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Coronavirus: What's happening in Canada around the world on Thursday – CBC.ca

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The latest:

As COVID-19 cases continue to rise, Alberta is planning for the creation of field hospitals to treat hundreds of COVID-19 patients, while B.C. has introduced new restrictions on indoor group activities.

In Alberta, health officials recently met to discuss a plan for two or more indoor field hospitals to treat 750 COVID-19 patients, with 375 beds each in Calgary and Edmonton for patients with mild-to-moderate symptoms, according to an internal government document obtained by CBC News.

Patients requiring intensive care would remain in city hospitals, according to the draft implementation plan detailed in the Alberta Health Services (AHS) document.

There has been increasing pressure on hospitals in the province, which has recorded more than 1,000 COVID-19 cases each day for nearly two weeks. On Wednesday, officials reported 1,685 new cases, along with 10 new deaths. There were 504 people in hospital, 97 of whom were in intensive care.

WATCH | Prospect of field hospitals concerns Edmonton intensive care doctor:

‘This is damage control,’ said Dr. Darren Markland, an intensive care physician in Edmonton, speaking about an internal government draft plan to treat 750 COVID-19 patients in field hospitals. 6:03

Also on Wednesday, CBC News reported that Alberta has informally asked the Trudeau government and the Red Cross to supply field hospitals, according to a federal source.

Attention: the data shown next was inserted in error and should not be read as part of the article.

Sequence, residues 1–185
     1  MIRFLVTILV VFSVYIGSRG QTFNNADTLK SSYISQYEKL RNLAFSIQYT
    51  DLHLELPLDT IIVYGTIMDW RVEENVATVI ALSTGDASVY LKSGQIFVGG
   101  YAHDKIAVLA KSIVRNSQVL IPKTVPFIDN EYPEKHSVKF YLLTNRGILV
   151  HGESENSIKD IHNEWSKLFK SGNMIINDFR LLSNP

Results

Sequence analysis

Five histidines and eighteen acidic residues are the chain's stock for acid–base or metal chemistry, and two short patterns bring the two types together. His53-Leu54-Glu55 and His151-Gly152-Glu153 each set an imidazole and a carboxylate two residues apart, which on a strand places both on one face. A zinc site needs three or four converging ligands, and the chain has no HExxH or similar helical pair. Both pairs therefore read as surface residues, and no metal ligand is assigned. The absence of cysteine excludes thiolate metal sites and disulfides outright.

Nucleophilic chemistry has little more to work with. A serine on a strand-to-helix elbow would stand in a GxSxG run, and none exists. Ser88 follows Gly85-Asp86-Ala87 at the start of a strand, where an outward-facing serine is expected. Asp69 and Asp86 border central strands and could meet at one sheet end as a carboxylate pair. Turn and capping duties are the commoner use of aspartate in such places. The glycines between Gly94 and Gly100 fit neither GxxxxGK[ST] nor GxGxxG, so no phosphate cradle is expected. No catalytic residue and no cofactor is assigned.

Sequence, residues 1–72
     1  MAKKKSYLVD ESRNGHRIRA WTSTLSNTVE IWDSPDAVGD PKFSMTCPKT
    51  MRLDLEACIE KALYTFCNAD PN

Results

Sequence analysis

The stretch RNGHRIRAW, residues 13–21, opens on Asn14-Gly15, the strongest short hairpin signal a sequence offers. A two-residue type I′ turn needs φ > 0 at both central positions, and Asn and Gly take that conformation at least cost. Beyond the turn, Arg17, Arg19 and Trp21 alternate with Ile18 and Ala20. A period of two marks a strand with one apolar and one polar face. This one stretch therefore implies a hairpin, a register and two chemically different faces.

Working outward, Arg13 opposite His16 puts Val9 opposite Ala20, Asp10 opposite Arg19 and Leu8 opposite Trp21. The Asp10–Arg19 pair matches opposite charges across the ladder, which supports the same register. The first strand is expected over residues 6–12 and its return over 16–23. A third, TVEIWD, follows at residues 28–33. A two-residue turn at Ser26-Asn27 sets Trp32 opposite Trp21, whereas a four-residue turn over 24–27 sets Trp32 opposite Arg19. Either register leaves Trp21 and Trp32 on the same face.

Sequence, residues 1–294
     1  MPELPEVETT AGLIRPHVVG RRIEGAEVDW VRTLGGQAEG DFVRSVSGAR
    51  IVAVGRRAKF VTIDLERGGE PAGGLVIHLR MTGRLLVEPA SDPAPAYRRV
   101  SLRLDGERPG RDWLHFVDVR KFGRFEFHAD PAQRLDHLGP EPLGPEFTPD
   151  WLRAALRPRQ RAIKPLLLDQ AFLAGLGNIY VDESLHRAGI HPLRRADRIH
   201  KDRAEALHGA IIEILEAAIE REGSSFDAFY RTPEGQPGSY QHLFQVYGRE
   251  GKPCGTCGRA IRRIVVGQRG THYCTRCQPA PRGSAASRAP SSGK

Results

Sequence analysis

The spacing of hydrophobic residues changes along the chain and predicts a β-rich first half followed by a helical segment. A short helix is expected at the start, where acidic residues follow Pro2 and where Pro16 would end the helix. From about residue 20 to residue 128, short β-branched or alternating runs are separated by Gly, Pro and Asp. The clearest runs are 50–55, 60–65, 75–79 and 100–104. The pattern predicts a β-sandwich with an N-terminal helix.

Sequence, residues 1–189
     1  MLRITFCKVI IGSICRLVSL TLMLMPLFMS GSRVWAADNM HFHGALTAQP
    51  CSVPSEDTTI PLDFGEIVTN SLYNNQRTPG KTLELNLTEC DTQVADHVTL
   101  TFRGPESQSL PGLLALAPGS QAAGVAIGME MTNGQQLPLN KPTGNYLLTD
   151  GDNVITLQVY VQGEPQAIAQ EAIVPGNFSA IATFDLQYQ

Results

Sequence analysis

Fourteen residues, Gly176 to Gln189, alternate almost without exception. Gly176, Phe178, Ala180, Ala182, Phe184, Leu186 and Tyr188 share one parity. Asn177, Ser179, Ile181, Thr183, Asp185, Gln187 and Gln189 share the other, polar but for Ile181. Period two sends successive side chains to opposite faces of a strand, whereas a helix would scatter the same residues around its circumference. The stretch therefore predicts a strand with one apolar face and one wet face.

The source said the province would likely receive at least four field hospitals — two from the Red Cross and another two from the federal government.

Alberta introduced new COVID-19 measures on Nov. 24. They included banning all social gatherings in people’s homes, making masks mandatory for all indoor workplaces in the province’s two largest cities and moving all students in grades 7 to 12 to online learning starting Nov. 30.

Meanwhile, British Columbia officials have announced new restrictions that prohibit all indoor adult team sports and return children’s programs to earlier, more restrictive guidelines.

The move came as the province reported 834 new cases and 12 more deaths on Wednesday, with COVID-19 hospitalizations rising to another new high of 337, including 79 in critical care.

“We continue to see that indoor group activities — whether for fitness or team sports — are much higher risk right now,” Provincial Health Officer Dr. Bonnie Henry said in a written statement.

In her Wednesday press briefing, Henry again urged everyone to not travel unless absolutely essential, citing the example of an old timers’ hockey team from the Interior that recently travelled to Alberta for games.

Some team members came back with COVID-19 and exposed their family members and co-workers, which led to “several dozen” new cases in the community, Henry said.

WATCH | B.C.’s top doctor asks residents to avoid non-essential travel:

Dr. Bonnie Henry asks residents of B.C. to avoid non-essential travel as cases rise in the province. 1:52

Separately, news that the U.S. Centers for Disease Control and Prevention is shortening the recommended length of quarantine after exposure has Canadian health experts weighing whether a similar approach could be useful here.